Legal pot still banned on Bellingham’s college campuses

The first recreational marijuana stores in Bellingham opened with long lines and much fanfare this July, but college officials say legal marijuana hasn’t had much effect on local campuses.

As Western Washington University begins classes on Wednesday, Sept. 24, the city already has four recreational pot stores — more than Seattle — and another just opened in Maple Falls.

Despite its widespread availability — at retail stores, medical marijuana outlets and on the black market — marijuana remains banned at WWU, Whatcom Community College and Bellingham Technical College.

The ban is not just for students. It applies to faculty, staff and campus visitors as well.

Officials at WWU have been grappling with student marijuana use for some time, Assistant Dean of Students Michael Sledge said, but he didn’t think there were any increases in drug violations tied to legalization.

“Students, by and large, seem to be pretty clear on the expectations we’ve set,” Sledge said.

When legalization went into effect, staff reminded students that marijuana was still banned on campus and in university housing. In addition to receiving copies of the school’s policies, new students are informed of the drug and alcohol rules at freshman orientation and at meetings in the residence halls at the beginning of the quarter.

“Just sending it isn’t enough,” Sledge said of campus policies. “We want to make sure we talk to them and that they’ve heard that from people.”

WWU freshman Evan Wiebe, 18, said he was excited to move in to the Fairhaven dorms Friday morning, Sept. 19.

Wiebe and his mom, Brenda Wiebe, said they hadn’t heard about school policies on weed, but that wasn’t an issue.

“I already know you’re not allowed to do it here because the school gets federal funding,” Evan said.

Sledge thought he’d get a lot more questions when marijuana was legalized, but so far the feedback he’s received is that the school’s policies make sense.

“Students understand it; students get it,” he said. “They might not know the exact policy, but they know they can’t smoke on campus. We’d like to think students read all the policies, but we know that isn’t always realistic. To know that, by and large, students understand what the policy is, that’s the best way to make sure new students learn effectively about the policy as well. They’re more prone to ask a peer.”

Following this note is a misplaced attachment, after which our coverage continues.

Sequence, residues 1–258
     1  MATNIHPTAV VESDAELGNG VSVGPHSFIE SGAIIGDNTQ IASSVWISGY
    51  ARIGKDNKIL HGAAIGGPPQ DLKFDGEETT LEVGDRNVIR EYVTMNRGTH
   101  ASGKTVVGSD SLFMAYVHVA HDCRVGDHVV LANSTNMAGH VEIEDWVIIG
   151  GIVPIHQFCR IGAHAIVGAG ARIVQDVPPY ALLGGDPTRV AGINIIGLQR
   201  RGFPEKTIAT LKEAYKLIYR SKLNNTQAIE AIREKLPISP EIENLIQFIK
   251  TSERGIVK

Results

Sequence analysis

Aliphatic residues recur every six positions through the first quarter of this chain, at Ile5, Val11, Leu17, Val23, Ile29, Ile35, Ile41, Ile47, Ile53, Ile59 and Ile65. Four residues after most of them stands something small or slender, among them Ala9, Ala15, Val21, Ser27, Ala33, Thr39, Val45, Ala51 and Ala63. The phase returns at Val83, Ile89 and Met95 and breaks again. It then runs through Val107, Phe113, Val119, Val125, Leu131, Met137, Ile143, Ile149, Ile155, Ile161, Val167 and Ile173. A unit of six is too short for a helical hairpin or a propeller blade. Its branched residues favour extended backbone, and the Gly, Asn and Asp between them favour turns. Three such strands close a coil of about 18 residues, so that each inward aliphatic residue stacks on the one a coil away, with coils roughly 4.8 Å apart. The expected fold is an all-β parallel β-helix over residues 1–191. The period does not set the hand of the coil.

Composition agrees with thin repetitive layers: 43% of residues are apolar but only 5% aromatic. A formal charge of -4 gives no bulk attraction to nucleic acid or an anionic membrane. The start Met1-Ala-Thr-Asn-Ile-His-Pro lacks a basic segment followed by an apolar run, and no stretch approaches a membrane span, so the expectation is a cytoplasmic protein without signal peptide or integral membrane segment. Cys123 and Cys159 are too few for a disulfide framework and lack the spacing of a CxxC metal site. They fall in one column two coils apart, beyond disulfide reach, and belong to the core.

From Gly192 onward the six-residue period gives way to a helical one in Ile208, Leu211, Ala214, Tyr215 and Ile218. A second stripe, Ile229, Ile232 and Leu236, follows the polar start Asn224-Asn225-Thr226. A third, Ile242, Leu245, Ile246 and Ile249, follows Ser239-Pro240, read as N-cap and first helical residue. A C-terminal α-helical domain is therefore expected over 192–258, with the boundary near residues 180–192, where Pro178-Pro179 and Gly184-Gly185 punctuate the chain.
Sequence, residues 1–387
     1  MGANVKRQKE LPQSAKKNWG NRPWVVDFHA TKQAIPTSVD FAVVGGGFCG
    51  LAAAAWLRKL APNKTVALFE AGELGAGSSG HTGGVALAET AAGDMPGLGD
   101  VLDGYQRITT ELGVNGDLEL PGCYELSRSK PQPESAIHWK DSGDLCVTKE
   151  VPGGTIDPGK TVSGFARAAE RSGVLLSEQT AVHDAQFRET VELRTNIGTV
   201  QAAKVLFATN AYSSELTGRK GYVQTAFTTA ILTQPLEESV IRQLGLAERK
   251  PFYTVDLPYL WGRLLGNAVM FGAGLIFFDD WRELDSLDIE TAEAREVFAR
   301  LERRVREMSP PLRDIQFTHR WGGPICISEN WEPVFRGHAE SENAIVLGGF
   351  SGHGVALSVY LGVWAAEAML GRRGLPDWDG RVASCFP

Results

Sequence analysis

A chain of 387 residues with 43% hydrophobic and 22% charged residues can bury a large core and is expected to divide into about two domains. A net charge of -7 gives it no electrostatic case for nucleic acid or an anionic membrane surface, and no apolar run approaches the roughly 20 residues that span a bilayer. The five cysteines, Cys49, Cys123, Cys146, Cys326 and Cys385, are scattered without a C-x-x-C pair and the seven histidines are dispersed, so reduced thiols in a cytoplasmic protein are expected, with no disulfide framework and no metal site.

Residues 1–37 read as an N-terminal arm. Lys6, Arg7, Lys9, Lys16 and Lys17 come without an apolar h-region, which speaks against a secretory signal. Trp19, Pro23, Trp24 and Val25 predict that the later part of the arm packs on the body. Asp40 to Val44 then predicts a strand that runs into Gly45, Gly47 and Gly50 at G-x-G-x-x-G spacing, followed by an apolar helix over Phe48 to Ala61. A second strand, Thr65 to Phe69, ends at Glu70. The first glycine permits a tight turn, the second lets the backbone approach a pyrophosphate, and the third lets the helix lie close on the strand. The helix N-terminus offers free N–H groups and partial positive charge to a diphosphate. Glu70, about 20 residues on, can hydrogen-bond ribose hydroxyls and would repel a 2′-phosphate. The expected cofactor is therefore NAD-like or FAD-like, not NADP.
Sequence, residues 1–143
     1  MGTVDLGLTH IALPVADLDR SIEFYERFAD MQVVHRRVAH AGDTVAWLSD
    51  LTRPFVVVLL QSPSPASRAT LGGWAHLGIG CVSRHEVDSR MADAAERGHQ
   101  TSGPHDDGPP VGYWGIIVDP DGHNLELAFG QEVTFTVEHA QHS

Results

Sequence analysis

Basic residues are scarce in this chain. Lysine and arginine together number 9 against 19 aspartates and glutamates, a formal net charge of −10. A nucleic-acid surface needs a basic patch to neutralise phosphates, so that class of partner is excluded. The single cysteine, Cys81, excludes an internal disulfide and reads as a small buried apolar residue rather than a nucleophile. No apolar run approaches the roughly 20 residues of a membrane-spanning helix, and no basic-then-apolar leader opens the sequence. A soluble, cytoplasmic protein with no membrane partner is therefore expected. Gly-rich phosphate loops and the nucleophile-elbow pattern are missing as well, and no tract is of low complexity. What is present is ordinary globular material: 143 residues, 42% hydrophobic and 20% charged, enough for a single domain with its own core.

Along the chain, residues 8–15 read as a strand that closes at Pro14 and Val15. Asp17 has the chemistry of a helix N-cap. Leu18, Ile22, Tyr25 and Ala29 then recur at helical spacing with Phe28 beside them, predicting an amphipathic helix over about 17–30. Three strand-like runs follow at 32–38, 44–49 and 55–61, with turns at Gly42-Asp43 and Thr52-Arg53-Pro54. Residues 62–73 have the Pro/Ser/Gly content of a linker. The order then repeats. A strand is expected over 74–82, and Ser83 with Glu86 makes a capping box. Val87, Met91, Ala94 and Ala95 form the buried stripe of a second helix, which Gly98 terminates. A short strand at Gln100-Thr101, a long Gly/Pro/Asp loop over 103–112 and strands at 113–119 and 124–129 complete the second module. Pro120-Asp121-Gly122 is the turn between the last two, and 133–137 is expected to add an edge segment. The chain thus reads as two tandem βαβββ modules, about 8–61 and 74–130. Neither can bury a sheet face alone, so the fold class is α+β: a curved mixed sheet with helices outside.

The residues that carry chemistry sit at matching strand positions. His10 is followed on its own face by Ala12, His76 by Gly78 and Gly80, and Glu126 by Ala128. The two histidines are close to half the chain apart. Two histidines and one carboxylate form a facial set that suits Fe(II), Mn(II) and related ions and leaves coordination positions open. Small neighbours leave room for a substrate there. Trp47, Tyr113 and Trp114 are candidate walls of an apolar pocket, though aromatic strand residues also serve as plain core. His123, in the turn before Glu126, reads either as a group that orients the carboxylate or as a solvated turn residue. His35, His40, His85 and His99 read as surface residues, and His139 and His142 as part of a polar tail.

Sledge estimated that in a given year about a dozen to 20 students are evicted from student housing because of repeated drug violations, and he didn’t think that number had changed with marijuana legalization. For the most part, marijuana is still illegal for students living on campus because the majority of them are under 21.

BTC hasn’t seen an increase of marijuana issues since legalization,said Marni Saling Mayer, communications director. Students are aware it’s a drug-free campus and will remain that way, she said.

Whatcom Community College also hasn’t noticed more trouble on campus since the stores popped up, said Mary Vermillion, communications director. Marijuana use is listed among the alcohol, drug and tobacco violations within WCC’s policies, which address that state legalization doesn’t affect the ban on campus or during campus activities.

Still, legalization has raised a new concern for Sledge: the availability of edible marijuana products, which could be harder to detect and might lead to confusion or overconsumption if packaging is unclear. The kind of marijuana-based edibles available in local stores ranges from candies and cookies to pita chips and croutons. Students must be 21 to buy those products in stores.

“There is some concern, I think, from lots of folks around how alternate ways of ingesting marijuana might impact public areas or schools,” Sledge said.

For the most part, though, Sledge isn’t seeing any changes on campus so much as hearing them.

“It’s certainly more part of the culture, so we’re more apt to hear people talk about it now than they might have been comfortable talking about before legalization,” Sledge said.

It also might be a draw for some students. Natasha Higbee, who is originally from the East Coast but now lives in Seattle, thinks WWU and other colleges may see an influx of students who want to move to Washington for the legal weed.

“I think you’ll get a lot of potheads from out of state coming here,” said Higbee, 20, as she visited a friend at WWU on Friday. “I heard people back home saying they wanted to apply to places in Colorado or Washington because of it.”

So far, though, that hasn’t translated to an increase of problems on campus. WWU Chief of Police Darin Rasmussen said there hasn’t been much of a change since marijuana was legalized.

Most marijuana issues are dealt with through the student conduct code and are a matter of student discipline, rather than a criminal charge, he said.

“There is an effort to help students (figure out) life without creating a criminal record for them,” Rasmussen said.

The university’s drug and alcohol policies apply to visitors as well as students, so people should think twice before lighting up at a campus concert. Rasmussen said officers would enforce the laws if non-students who are younger than 21 are caught smoking or possessing pot on campus. For non-students over 21, it’s still an infraction to smoke pot in public, so they’d get a citation if caught. If visitors have pot on them, they’ll be told to take it off campus, maybe back to their car, and then they can return to campus empty-handed.

“It’s still a new law and it’s new for everyone,” Rasmussen said. “Going forward, it will become easier as the rules and regulations become clearer from the state. That’s the same thing here.”

Reporter Samantha Wohlfeil contributed to this story.